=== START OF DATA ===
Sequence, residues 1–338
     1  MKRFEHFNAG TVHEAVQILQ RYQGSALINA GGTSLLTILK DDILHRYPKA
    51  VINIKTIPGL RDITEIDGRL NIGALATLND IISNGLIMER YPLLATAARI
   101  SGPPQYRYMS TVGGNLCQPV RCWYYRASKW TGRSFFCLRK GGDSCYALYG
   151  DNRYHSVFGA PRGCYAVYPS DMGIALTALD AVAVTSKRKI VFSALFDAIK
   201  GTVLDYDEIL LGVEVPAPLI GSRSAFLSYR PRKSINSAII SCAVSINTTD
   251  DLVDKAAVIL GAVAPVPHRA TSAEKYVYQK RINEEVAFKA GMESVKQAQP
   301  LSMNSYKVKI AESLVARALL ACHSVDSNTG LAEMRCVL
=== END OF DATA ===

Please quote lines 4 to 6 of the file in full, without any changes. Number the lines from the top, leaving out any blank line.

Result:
   101  SGPPQYRYMS TVGGNLCQPV RCWYYRASKW TGRSFFCLRK GGDSCYALYG
   151  DNRYHSVFGA PRGCYAVYPS DMGIALTALD AVAVTSKRKI VFSALFDAIK
   201  GTVLDYDEIL LGVEVPAPLI GSRSAFLSYR PRKSINSAII SCAVSINTTD